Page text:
It opened in 1976, but did not get popular quickly.[2][3] The place could hold 350, but on a good night only about 200 would come through.[5] Sal Abbatiello served as a bartender; one night after hours he saw how the night manager, George Godfrey, was playing records and calling to the small group of patrons on the microphone, getting a party started. Abbatiello thought that this unusual practice of talking over the music, getting the crowd involved, was very good for business as it engaged the people who were sitting at the bar and were not dancing.[3] Abbatiello asked Godfrey, who performed as "Sweet G", to recommend artists of this type for the club, and Godfrey took him to see Grandmaster Flash perform in the local park along with two other artists; the group called themselves "Grandmaster Flash & the 3 MCs", the predecessor of Grandmaster Flash and the Furious Five. Abbatiello asked for and received permission from his father to book musical artists on Tuesday nights.[5]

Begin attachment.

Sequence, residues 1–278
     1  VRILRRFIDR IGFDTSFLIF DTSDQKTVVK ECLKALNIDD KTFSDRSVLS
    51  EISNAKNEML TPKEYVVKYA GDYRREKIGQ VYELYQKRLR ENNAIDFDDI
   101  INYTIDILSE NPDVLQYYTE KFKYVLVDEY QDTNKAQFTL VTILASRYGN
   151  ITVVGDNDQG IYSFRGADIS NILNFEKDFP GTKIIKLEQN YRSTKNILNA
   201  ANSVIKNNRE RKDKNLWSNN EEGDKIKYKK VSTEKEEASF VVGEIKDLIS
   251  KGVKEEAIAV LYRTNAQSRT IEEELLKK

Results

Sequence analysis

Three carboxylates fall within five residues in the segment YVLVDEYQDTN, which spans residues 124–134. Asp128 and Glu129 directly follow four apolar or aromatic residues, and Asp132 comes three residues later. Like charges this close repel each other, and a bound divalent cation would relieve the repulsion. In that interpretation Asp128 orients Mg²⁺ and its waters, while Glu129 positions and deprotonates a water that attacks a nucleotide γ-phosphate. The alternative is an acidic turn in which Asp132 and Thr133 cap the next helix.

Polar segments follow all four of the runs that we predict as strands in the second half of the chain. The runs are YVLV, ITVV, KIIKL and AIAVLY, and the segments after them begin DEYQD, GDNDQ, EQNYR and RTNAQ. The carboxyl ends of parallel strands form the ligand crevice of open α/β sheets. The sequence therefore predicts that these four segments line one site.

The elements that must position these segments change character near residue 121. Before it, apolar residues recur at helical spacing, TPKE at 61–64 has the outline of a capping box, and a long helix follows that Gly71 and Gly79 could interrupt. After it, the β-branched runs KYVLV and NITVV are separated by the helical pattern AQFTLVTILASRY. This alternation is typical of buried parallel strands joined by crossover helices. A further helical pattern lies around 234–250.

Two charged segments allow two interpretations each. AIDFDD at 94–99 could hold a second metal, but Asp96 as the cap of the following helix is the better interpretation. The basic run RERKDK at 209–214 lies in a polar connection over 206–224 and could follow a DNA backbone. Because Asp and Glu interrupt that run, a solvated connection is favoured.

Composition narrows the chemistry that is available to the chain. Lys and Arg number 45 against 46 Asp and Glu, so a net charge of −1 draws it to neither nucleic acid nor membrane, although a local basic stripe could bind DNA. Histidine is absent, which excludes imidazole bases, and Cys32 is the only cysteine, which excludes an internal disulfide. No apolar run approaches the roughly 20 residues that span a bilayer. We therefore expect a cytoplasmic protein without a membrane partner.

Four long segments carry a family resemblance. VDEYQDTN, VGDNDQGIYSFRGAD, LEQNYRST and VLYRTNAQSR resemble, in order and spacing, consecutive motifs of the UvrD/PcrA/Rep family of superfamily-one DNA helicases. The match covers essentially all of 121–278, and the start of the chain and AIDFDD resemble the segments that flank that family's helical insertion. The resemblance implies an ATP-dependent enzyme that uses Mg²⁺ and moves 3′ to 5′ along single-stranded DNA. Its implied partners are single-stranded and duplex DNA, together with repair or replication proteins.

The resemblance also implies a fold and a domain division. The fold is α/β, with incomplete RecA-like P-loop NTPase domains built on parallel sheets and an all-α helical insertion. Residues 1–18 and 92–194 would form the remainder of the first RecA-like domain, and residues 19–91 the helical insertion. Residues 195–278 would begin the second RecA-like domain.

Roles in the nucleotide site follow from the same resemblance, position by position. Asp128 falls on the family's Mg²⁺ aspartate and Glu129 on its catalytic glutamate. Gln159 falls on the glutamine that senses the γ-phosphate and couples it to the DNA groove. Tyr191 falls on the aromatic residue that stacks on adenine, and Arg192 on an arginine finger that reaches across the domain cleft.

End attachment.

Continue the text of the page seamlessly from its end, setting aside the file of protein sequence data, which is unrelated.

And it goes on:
In 1977, the first Tuesday night show featured Grandmaster Flash; he was paid $50, the other two MCs $25. Abbatiello settled upon a door charge of $1 per patron and a minimum requirement of one drink at $1. This low price combined with a promotional campaign of flyers distributed locally resulted in a long line waiting at the front door. Seeing the large crowd, Abbatiello called for additional help from his father's nearby club, Pepper-n-Salt. The Disco Fever grossed $1,000, establishing the success of the experiment.[5]